Wilderness Around the Country

Designating Wilderness requires congressional legislation.  But congress doesn’t act in a vacuum. Politics, it has been said, is the “art of the possible.” What is possible depends on what has already happened before; and it depends on what else is going on now. There is a constant give and take in the dance that leads to legislation. Bills build upon bills so that any action being considered plays out in the context of a larger national situation.

What’s happening around the country, and especially what is happening in our region, has a broad impact on the course of gaining congressionally designated wilderness protection for the Scotchman Peaks. Today we are going to take a brief look at Wilderness around the country.

Good news – this is shaping up to be a banner year for Wilderness around the Country!  The passage of the “2009 Lands Omnibus Bill” in March designated 52 new wilderness areas and added acreage to 26 existing wilderness, bringing a total of approximately 2.1 million acres of new wilderness, in 9 states, into the national Wilderness Preservation System.  Such gems as the Owyhees, the Eastern Sierras, Rocky Mountain National Park and Pictured Rocks in Michigan are now permanently protected, by congressional act, as Wilderness.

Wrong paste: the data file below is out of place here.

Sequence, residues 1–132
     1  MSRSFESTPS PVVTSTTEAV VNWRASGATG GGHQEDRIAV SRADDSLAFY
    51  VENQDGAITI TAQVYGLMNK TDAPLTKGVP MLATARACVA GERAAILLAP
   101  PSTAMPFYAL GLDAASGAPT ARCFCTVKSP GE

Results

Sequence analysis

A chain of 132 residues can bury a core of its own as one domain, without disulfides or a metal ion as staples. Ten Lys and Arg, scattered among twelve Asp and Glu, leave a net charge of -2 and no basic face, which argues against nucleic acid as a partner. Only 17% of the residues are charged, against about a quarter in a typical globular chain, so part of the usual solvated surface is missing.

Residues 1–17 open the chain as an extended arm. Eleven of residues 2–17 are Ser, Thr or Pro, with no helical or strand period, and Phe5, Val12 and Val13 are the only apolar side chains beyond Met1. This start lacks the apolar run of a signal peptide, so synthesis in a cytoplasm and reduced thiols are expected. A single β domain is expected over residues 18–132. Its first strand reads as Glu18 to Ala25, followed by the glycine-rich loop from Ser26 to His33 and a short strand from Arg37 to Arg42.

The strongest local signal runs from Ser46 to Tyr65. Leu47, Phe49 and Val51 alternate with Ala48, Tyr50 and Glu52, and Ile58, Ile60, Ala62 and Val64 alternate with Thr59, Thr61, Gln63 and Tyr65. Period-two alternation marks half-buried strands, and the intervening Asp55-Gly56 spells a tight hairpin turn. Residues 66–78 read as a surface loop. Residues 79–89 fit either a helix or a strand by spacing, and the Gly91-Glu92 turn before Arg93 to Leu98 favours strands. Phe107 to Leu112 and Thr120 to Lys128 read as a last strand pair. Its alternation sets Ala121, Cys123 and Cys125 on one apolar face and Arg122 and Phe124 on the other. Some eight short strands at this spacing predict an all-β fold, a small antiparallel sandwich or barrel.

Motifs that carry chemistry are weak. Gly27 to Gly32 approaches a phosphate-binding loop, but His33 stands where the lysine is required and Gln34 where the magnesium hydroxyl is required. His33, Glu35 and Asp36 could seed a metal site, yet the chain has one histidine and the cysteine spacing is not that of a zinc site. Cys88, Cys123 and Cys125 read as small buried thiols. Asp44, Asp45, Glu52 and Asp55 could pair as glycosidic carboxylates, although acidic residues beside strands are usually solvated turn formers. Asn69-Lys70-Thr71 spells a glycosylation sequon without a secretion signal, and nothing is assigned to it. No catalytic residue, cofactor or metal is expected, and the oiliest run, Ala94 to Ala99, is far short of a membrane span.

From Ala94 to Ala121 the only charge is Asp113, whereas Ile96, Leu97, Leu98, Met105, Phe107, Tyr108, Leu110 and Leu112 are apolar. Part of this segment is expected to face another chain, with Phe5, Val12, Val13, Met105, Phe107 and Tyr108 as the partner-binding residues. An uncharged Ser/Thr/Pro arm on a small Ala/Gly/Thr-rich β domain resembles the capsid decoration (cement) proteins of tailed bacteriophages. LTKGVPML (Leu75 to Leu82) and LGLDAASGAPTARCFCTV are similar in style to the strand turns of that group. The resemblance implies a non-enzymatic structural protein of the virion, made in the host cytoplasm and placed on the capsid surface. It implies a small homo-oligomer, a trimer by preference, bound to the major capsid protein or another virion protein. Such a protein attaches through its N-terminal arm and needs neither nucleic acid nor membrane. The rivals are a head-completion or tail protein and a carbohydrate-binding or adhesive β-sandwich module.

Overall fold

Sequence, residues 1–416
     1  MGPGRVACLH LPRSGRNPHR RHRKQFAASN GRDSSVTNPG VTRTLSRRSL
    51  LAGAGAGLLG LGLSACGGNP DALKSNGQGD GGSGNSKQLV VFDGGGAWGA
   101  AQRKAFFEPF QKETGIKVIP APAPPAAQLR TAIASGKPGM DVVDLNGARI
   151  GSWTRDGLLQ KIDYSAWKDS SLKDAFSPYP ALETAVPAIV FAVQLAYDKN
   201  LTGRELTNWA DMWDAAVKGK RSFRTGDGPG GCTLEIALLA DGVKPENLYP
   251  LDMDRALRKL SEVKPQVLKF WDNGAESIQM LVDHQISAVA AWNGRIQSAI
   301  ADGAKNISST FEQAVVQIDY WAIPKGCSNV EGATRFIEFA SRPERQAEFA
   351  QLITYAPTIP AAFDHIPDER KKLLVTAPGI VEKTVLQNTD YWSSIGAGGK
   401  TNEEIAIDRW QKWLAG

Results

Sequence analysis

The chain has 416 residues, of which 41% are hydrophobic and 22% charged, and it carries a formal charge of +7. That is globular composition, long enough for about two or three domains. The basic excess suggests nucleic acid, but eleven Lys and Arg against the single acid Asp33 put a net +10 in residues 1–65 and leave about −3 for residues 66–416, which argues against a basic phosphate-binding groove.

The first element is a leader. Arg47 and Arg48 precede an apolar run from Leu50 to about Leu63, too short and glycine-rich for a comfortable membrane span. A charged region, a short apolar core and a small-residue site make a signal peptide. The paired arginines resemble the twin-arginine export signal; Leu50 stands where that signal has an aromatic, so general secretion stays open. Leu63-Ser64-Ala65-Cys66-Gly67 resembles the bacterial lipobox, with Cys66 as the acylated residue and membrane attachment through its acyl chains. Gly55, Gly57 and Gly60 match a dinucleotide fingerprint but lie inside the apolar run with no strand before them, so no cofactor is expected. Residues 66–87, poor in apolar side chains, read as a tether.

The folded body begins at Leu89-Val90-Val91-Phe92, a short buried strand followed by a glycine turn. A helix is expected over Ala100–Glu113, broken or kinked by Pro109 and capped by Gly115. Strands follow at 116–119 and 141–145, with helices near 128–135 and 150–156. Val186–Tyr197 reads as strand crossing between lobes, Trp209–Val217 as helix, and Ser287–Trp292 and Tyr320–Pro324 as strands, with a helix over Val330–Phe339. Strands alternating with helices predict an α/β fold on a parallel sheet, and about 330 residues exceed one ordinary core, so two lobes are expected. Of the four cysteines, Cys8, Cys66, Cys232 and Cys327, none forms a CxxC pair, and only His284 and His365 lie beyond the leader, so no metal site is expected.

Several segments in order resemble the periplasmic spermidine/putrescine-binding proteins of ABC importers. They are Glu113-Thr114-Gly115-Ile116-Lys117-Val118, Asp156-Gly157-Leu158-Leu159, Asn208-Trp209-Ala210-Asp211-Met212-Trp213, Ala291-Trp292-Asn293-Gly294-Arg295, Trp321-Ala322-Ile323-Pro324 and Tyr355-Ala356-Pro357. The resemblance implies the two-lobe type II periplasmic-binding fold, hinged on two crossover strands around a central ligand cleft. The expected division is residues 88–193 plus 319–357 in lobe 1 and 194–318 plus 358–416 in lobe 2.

And it doesn’t stop there!  So far this year members of Congress have introduced eight new wilderness bills for areas in California, Colorado, Idaho, Montana, New Mexico, Oregon, and Washington. From additions to the Alpine Lakes area in Washington, to the Dona Ana in New Mexico, critical gaps in the Colorado San Juan Mountains and closer to home in Montana, new wilderness, these bills, if passed and signed would protect as wilderness more than 1.6 million acres of public land.

More areas are on the way – with proposals being worked on in other areas including Utah, Nevada and Arizona and all may find action taken yet in this session of congress.

So, overall, for wilderness lovers there is a lot to celebrate! And the general situation is positive, and ripe, for future developments.  Tomorrow we will come closer to home and look at the landscape for wilderness in our region.

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Categories: Blog
About The Author:

Phil Hough is the Executive Director of the Friends of Scotchman Peaks Wilderness.

He has hiked the "triple crown": the Appalachian Trail, Continental Divide Trail and the Pacific Crest trail (twice). He has also paddled the length of the Yukon river. Phil's love of wilderness guides him as he works to save the incrediblly wild Scotchman Peaks, one of the last and largest roadless places in northern Idaho and western Montana.

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